The corporate media have belatedly awoken to the influences of racist ideology and far-right activists on the organized opposition to women's reproductive rights. On May 15, 2022, MSNBC interviewed Dorothy Roberts of the Penn Program on Race, Science and Society about the racist "great replacement theory" that informs the most extreme anti-abortion rhetoric and action. "Underlying anti-abortion rhetoric and action is the idea that white women should be having more babies to build up the 'white nation'," Roberts explained. Since the horrific, racially-motivated May 12, 2022 mass shooting in Buffalo, New York, the Washington Post has been raising the alarm about the popularity of the "great replacement theory" among Republican politicians and conservative commentators. But independent media outlets--including The Intercept, The Nation, and Ms. Magazine--have conducted the most sustained and detailed reporting on connections between the racist right and the anti-abortion movement.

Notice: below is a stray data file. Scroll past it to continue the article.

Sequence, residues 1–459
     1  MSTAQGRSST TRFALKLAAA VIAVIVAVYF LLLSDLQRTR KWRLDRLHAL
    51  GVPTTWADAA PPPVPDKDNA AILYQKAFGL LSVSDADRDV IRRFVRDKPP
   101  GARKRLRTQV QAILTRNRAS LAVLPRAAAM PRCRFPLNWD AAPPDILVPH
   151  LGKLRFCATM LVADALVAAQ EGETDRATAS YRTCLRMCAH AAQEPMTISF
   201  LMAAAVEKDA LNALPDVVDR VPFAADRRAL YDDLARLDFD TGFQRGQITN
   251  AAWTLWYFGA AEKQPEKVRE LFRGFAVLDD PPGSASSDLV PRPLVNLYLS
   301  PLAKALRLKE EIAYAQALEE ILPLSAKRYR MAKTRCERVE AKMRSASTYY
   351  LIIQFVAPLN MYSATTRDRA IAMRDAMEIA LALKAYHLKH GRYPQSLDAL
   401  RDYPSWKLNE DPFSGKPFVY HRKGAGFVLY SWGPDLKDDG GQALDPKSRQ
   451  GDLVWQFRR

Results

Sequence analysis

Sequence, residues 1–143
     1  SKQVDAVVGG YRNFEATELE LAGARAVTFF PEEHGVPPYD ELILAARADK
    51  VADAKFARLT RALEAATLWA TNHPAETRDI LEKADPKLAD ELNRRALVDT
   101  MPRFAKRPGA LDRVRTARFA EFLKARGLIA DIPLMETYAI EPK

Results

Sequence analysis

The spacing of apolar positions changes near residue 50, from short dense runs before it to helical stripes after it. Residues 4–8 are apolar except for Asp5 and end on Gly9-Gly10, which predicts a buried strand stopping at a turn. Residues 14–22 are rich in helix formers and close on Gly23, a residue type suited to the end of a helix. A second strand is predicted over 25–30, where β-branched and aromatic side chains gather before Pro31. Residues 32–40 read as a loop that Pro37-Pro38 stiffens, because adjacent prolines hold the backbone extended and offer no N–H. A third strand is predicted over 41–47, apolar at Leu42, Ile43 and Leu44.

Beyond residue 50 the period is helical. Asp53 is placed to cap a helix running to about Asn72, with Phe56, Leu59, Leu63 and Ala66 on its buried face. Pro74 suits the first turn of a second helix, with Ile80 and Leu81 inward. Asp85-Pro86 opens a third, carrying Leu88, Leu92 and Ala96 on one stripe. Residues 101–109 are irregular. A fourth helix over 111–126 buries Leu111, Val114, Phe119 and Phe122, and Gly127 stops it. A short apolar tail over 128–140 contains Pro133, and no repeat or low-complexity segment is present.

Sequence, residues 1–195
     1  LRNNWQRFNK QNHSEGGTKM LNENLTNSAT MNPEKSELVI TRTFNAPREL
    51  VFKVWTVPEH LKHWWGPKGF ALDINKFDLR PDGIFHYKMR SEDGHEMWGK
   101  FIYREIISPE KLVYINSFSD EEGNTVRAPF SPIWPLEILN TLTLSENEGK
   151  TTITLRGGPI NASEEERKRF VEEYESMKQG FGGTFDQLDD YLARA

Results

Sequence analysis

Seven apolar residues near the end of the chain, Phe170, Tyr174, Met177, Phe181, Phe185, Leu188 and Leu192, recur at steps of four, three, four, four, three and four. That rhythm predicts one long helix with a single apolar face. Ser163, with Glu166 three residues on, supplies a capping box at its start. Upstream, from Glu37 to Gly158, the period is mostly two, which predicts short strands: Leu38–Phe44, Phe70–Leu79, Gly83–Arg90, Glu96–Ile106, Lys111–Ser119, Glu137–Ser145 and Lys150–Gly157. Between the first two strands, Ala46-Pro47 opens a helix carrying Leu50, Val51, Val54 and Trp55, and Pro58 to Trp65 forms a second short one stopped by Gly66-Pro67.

Every year, Project Censored--the media-monitoring organization, established in 1976, to which we both contribute--releases a list of 25 significant news stories that have gone underreported by commercial, for-profit media. The 1996 story about the link between militias and the anti-abortion movement was on the Project's list back in 1997. We helped to compile and co-edit the top 25 list for 2021-22, which will be released in December as part of Project Censored's State of the Free Press 2023, published by Seven Stories Press and Censored Press. A number of other stories from the Project's annual lists of marginalized stories have highlighted the campaign by conservatives and religious groups against abortion and women's reproductive rights.